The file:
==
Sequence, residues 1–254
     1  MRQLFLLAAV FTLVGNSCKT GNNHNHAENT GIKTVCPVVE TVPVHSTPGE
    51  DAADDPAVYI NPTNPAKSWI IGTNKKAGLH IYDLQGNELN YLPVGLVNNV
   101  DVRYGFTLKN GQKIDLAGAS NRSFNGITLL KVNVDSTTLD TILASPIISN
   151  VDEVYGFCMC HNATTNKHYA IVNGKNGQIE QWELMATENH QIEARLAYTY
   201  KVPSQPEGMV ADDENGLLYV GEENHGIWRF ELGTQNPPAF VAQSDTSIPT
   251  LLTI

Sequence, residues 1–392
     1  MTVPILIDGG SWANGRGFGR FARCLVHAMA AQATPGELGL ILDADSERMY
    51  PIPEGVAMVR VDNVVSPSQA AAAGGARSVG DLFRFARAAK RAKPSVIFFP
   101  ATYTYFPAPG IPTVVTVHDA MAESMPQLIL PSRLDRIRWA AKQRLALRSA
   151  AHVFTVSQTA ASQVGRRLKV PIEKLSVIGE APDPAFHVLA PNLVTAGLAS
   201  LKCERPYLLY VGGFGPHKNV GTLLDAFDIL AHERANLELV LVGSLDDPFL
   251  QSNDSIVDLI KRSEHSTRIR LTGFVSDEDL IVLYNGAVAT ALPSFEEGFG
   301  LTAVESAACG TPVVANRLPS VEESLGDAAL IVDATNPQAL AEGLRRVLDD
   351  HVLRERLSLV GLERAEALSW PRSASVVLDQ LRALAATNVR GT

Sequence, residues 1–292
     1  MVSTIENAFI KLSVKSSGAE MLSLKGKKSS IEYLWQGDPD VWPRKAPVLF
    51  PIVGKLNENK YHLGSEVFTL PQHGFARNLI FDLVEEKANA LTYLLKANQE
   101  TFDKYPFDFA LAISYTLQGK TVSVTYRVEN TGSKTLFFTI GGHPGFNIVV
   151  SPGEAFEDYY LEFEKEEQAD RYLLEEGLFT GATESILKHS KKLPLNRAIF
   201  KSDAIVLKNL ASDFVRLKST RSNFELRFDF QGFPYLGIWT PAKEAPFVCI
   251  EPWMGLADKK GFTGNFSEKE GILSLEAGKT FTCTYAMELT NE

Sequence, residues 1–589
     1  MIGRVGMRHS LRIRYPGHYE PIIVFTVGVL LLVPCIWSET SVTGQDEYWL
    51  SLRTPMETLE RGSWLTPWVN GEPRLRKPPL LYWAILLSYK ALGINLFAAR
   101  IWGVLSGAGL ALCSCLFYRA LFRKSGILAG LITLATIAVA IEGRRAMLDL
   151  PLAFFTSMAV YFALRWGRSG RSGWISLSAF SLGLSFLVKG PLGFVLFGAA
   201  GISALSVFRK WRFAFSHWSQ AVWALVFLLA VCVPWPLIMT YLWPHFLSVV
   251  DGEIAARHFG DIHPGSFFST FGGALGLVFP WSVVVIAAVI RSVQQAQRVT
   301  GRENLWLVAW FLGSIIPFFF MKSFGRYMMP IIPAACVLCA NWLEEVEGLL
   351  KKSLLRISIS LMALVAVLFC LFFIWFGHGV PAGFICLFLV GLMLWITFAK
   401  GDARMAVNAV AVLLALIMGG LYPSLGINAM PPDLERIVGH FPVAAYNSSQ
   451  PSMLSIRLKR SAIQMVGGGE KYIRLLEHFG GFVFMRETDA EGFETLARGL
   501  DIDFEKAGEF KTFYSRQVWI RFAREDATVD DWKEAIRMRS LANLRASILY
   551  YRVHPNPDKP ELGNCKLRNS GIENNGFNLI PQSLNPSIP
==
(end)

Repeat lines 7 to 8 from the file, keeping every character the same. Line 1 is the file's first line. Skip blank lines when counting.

   251  LLTI

Sequence, residues 1–392